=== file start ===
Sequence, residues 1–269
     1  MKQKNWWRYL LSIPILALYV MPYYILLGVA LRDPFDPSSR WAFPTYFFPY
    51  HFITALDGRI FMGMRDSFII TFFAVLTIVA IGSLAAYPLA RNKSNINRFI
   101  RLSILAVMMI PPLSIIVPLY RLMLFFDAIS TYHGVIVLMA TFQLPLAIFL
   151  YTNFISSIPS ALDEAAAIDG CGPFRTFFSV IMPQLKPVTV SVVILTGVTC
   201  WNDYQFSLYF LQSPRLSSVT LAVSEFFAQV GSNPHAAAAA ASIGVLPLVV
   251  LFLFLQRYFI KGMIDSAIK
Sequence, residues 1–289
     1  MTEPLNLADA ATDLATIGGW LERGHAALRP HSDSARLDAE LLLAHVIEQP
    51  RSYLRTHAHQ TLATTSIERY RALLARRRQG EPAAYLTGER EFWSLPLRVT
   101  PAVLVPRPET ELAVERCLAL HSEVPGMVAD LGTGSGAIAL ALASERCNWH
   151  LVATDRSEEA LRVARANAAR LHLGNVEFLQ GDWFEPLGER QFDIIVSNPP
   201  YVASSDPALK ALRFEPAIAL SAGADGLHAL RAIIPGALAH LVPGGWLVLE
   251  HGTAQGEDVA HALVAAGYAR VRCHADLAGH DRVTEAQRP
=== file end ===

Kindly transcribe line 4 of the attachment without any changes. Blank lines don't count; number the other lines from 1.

   101  RLSILAVMMI PPLSIIVPLY RLMLFFDAIS TYHGVIVLMA TFQLPLAIFL